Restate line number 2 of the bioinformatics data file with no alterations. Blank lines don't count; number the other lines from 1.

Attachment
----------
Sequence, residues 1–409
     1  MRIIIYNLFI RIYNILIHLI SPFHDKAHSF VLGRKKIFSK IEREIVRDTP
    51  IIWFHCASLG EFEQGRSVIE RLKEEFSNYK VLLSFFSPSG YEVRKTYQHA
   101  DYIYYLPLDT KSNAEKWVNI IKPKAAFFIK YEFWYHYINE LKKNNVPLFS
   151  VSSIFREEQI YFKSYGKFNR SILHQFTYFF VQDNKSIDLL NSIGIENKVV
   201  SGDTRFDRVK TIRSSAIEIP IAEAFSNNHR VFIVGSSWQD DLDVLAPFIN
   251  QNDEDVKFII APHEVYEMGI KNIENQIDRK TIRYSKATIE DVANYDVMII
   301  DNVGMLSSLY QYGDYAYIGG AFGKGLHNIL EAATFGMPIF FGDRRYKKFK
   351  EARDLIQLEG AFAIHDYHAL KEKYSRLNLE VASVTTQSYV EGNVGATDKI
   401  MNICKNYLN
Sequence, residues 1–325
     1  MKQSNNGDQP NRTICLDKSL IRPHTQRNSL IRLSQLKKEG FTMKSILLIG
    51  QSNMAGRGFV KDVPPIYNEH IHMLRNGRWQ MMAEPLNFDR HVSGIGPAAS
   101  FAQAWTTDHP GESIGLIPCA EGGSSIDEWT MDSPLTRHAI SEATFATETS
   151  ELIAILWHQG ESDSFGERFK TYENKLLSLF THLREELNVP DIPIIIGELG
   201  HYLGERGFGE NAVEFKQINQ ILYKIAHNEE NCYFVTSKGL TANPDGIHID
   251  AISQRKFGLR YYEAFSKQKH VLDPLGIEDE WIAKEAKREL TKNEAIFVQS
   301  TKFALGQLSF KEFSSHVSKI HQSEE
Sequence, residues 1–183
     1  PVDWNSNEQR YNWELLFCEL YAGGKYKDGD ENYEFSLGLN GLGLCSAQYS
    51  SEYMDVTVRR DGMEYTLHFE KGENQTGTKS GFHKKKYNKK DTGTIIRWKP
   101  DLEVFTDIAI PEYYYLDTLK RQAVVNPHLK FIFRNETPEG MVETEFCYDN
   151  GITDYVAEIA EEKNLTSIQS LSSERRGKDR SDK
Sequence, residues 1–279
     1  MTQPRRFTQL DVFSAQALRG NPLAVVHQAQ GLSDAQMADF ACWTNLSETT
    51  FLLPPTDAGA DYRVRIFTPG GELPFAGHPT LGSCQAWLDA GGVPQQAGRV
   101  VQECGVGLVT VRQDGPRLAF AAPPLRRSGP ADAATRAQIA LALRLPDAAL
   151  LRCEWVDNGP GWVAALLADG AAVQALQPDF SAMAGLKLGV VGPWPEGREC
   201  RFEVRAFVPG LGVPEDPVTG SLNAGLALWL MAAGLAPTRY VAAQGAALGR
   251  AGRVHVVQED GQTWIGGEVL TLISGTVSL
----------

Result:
     1  MRIIIYNLFI RIYNILIHLI SPFHDKAHSF VLGRKKIFSK IEREIVRDTP